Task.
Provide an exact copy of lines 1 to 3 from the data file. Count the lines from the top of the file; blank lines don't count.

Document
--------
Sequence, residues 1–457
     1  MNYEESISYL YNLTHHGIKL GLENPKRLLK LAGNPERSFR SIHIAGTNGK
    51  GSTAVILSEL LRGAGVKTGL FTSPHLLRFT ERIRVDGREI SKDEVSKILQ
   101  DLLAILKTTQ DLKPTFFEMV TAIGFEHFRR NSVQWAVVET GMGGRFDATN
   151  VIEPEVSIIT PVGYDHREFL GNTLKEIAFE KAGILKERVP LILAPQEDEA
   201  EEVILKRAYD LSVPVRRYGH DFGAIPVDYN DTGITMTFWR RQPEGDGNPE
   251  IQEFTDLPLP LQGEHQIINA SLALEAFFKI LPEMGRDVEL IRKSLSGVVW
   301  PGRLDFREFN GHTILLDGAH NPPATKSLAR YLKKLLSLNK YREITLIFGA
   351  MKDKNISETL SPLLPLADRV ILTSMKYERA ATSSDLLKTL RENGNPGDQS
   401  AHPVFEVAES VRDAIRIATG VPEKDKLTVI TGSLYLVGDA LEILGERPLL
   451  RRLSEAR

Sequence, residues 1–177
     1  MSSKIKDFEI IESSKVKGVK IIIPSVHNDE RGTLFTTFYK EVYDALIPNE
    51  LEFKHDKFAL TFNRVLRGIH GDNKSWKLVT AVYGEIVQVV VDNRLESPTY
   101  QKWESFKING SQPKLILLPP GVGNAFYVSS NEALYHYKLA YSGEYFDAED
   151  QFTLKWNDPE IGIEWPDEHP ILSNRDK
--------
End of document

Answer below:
Sequence, residues 1–457
     1  MNYEESISYL YNLTHHGIKL GLENPKRLLK LAGNPERSFR SIHIAGTNGK
    51  GSTAVILSEL LRGAGVKTGL FTSPHLLRFT ERIRVDGREI SKDEVSKILQ